Well I finally got to race in my hometown.
For the inaugural Velo Fest they held what was billed as the Old City Crit in downtown St. Augustine, Florida.
St. Augustine, in case you don’t know, was founded in 1565 by the Spanish and is the oldest European settlement in the United States. Forbes magazine recently rated it one of the “10 Prettiest Towns in America.” The race was held in the Historic Downtown area, around the central Plaza de la Constitucion and the Flagler College green, a distance of about .8 miles.
Normally it’s too dangerous to ride downtown after about 7 a.m. I’ve been hit twice there by tourists who changed lanes at the last second, or, appropos of nothing, opened their door into the bike lane while I was riding by on the bridge (and then yelled at me). So it was a real treat to race in the beautiful old streets without regard to lights or fear of traffic. Though two pedestrian Tourons (Tourist + Moron = Tournon) sauntered right into the peloton holding their morning coffees.
The Crit in Cleats
I am a mountain bike racer. I don’t own a racing road bike. Instead I road-train on a Trek 5200 with eggbeater pedals, and instead of road shoes I wear Sidi Dominator cleats.
Though the Trek does have a race pedigree (Lance won the Tour on the model 5 times), it was replaced by the Madone line. My wheels are training caliber as well, though I sport them with Kenda Kriterium race tires.
I did make some minor modifications in a bow to roadies: I removed the presta valve caps and the front reflector. Hey, it’s a training bike, right? In the early morning you need that reflector.
Anyway, I wasn’t expecting much, and sweating those tight turns on pavement. Which is strange: I can charge down the face of a mountain and occasionally go too hot into a corner and crash into tree…I have no problem with that but gravelly corners on a road bike freak me out.
But the course was immaculate…swept clean and most of the manhole covers were blanketed with carpet and taped down.
From the start I was in a group of four for several laps, a regular wheel sucker, right where I should have been and doing what I should have been doing.
But I’m a mountain biker and and I donâ€™t know why I did it, but I think I got bored…I jumped out and bridged a gap between riders (twice) and of course everyone followed along. And of course it tired me out a bit and I never had the same pop afterward.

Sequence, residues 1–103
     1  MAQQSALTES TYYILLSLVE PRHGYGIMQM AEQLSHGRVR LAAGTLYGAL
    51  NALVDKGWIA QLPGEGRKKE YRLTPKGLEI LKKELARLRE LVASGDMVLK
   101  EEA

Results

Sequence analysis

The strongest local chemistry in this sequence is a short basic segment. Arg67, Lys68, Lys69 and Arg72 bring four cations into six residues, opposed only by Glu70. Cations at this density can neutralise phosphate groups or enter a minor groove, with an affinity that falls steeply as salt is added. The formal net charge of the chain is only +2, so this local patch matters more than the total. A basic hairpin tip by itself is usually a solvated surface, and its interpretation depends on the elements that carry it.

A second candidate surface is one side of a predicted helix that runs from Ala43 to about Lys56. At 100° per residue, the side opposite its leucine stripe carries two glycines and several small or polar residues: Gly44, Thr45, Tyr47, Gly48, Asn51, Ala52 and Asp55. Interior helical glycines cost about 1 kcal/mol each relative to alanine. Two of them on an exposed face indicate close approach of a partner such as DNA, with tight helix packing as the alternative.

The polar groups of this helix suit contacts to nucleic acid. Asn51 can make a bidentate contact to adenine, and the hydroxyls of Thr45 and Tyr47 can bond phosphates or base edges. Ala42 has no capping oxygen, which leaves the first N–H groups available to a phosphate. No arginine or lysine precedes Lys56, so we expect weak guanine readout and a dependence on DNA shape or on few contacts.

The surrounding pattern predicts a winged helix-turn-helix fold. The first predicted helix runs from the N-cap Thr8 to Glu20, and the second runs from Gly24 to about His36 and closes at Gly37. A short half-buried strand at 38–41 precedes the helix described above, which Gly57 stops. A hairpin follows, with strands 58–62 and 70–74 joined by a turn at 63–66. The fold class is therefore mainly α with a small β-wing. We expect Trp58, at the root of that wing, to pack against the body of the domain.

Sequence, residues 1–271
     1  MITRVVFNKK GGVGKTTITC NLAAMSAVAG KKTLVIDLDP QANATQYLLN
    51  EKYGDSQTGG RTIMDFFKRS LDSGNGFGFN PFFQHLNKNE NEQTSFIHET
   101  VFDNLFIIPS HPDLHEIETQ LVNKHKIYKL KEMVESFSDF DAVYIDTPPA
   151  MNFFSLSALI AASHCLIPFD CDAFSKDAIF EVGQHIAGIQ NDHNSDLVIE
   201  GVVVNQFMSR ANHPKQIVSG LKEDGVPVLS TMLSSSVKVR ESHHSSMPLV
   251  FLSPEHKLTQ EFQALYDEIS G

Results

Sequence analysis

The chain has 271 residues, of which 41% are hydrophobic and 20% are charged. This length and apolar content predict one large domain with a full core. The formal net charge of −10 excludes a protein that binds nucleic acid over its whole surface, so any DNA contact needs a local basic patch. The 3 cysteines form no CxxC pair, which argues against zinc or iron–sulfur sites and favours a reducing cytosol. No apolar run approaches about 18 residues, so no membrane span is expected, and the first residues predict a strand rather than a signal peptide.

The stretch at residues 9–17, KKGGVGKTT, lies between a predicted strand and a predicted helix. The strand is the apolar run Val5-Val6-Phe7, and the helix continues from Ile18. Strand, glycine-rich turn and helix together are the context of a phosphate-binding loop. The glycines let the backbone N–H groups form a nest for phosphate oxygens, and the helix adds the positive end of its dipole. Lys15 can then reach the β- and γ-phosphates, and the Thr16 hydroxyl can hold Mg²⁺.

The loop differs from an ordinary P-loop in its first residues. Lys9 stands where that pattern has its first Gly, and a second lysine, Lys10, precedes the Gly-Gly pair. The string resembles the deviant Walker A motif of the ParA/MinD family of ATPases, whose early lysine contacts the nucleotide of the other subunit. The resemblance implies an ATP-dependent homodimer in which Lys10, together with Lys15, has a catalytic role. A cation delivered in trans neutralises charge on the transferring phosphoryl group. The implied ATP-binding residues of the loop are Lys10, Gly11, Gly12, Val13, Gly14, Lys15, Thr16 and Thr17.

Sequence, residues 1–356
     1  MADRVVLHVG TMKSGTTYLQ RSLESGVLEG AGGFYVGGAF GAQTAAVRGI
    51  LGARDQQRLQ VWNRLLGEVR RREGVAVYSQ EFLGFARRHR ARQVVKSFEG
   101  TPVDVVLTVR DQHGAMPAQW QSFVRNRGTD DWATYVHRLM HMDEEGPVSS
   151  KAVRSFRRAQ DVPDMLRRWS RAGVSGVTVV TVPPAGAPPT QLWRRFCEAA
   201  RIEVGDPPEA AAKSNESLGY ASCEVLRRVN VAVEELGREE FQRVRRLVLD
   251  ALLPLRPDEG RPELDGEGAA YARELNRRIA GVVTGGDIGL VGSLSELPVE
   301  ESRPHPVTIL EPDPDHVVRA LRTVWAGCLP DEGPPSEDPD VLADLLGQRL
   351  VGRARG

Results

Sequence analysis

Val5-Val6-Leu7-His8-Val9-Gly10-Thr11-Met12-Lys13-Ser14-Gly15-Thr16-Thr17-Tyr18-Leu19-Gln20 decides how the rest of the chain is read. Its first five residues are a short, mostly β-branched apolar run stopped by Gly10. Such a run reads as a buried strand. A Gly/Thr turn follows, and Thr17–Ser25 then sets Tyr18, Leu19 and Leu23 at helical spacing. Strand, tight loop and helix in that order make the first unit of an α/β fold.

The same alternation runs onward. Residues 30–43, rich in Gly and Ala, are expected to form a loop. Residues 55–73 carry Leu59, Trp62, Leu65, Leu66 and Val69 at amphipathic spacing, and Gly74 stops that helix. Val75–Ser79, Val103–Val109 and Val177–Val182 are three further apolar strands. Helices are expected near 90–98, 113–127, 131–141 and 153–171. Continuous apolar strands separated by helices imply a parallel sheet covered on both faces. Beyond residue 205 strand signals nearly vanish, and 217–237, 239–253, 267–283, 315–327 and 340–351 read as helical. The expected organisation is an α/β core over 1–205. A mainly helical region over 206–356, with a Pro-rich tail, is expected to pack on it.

I did really start to figure out cornering though, and by the end I could feel the gâ€™s compressing my bike as I took some really aggressive lines. I would pedal into the corner, feel the bike compress, and as I felt it start to release I would pedal hard and kind of jet out of the corner right into the line where I needed to be for the next turn.
The trouble was, that no matter how good I thought my own cornering was, I could never hang on to anyone else’s wheel in a corner. I would go into the corner in a line, a gap would appear and Iâ€™d have to jump out of the saddle to close the gap. This happened anytime I was riding with anyone for the entire race. I just could not get rhythm and speed on it down.
And it never ceases to amaze me how hard it is to close a gap on a road bike. With about 6 laps left a faster group came by and I jumped on back, but when we hit a corner a gap opened. I would sprint after the group, desperately trying to close what always became a two-bike length gap. The only thing I could do was wait for them to bunch into the next corner, where Iâ€™d just catch up, and then the gap would open on the corner and I would have to start all over again. I could only do this for about a lap before I let them go.
In the end I finished approximately 1:45 behind the leader, which I don’t think is bad considering it was my first crit ever, and only my second ever road race. And as the other riders told me after the race, “If you stay up and don’t crash in your first two crits, you’re doing a great job.”
I’ll take their word for it.